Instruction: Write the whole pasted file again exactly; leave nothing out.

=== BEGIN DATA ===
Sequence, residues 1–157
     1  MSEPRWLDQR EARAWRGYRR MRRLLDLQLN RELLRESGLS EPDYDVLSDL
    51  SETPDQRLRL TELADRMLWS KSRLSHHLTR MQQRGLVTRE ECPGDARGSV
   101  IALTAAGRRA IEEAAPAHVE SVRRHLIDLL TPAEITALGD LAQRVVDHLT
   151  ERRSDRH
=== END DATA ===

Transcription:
Sequence, residues 1–157
     1  MSEPRWLDQR EARAWRGYRR MRRLLDLQLN RELLRESGLS EPDYDVLSDL
    51  SETPDQRLRL TELADRMLWS KSRLSHHLTR MQQRGLVTRE ECPGDARGSV
   101  IALTAAGRRA IEEAAPAHVE SVRRHLIDLL TPAEITALGD LAQRVVDHLT
   151  ERRSDRH